The two adult sons of actress and talk show panellist star Lynda Bellingham have announced plans to challenge their late mother’s will.
The former star of ITV’s Loose Women died in 2014 from cancer. Her will reportedly left everything to her third husband. Her sons claim their stepfather is depriving them of their inheritance by insisting that all of their mother’s money is tied up in properties.
Speaking to the Mail on Sunday, the brothers said that the money was not their primary motivation for their legal challenge. They said it was “about the fact that [the stepfather has] got control over everything my mother worked for her entire life, and we know that’s not what she wanted.”
Legal battles over a person’s will are not a new phenomenon. The increase in divorce and resulting complex family structures raise issues for those writing a will. Remarriage is on the increase. For many couples, there will be children from previous relationships, and they may also have children together. This can create problems, like the ones currently experienced by Lynda Bellingham’s family, which should be sorted out while the will maker is still alive rather than leaving it for the family to fight it out after death.
When advising a client who has remarried and who has children from a previous relationship, it is important to consider with the client what obligations they are under to all of their children as well as their spouse. Overall, people generally want a sense of fairness. That might mean leaving parts of their estate to their spouse and other parts to their children but it might also mean ensuring that their assets only pass to their children after the subsequent death of their spouse.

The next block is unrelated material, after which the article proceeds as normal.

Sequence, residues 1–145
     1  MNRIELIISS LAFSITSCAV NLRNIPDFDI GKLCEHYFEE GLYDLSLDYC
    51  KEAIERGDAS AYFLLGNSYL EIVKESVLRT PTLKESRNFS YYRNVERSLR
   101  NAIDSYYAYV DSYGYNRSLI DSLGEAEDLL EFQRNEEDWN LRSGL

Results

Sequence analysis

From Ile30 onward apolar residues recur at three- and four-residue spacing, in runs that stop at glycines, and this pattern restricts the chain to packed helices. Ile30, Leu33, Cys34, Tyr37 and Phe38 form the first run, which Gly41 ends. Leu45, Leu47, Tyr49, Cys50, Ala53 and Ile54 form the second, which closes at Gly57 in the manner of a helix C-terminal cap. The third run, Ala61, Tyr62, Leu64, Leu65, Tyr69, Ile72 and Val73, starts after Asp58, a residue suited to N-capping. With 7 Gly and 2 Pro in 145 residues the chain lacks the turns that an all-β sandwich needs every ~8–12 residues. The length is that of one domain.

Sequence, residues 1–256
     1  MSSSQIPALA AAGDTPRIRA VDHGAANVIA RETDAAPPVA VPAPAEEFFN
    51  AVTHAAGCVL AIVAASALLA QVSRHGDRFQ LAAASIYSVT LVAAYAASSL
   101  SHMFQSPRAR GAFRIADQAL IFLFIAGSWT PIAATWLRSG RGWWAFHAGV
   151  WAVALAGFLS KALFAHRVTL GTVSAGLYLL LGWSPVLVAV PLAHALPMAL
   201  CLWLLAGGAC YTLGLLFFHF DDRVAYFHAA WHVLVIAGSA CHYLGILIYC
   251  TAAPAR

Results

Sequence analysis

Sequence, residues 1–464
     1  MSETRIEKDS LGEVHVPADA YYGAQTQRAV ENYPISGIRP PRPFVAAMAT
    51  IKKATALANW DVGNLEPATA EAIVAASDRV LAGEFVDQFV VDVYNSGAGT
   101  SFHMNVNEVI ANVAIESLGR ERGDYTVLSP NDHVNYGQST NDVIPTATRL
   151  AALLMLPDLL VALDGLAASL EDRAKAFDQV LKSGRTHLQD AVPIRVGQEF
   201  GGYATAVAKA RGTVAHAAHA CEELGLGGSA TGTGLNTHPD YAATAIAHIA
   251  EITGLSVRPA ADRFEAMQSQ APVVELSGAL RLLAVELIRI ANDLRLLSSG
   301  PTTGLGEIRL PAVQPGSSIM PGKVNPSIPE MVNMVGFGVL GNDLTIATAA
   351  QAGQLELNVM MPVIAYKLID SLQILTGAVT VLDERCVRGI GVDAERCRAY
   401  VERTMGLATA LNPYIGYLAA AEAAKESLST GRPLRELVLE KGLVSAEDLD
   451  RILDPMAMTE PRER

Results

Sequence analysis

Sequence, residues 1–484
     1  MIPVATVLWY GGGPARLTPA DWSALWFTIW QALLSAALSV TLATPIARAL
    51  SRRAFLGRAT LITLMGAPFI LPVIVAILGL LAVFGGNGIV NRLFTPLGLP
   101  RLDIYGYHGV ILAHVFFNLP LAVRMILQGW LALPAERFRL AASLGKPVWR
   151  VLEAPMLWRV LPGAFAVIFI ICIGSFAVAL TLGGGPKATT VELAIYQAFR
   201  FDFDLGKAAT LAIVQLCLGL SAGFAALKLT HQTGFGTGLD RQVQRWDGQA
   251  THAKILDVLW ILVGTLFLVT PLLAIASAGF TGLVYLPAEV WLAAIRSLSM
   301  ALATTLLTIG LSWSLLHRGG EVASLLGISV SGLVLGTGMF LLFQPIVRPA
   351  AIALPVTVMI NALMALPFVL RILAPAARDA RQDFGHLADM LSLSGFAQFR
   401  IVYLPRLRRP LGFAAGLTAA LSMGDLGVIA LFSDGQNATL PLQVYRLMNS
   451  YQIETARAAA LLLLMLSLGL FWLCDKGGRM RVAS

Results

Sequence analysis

It is also important to establish the tax impact of any decisions and consider the use of trusts within a will to achieve protection for all parties. A trust is simply a legal relationship in which money or property is held by one person for another’s benefit.
Unfortunately the death of a parent can strain relationships between the surviving family members. This is particularly relevant in stepfamilies. Children can feel resentful if they have to wait until their stepparent dies before they receive what they regard is rightfully theirs. The stepparent may then go on to form a new relationship and might change their will to disinherit them.
These kinds of scenarios have resulted in a rapid rise in claims under the Inheritance (Provision for Family and Dependants) Act 1975, which allows people to challenge a will if they feel they have been unjustly left out of it. However, litigation is expensive and can deplete the estate even further.
Quite simply, couples in a second marriage or relationship who have had children with a previous partner should always seek specialist advice to reduce the odds of a conflict developing after they have died.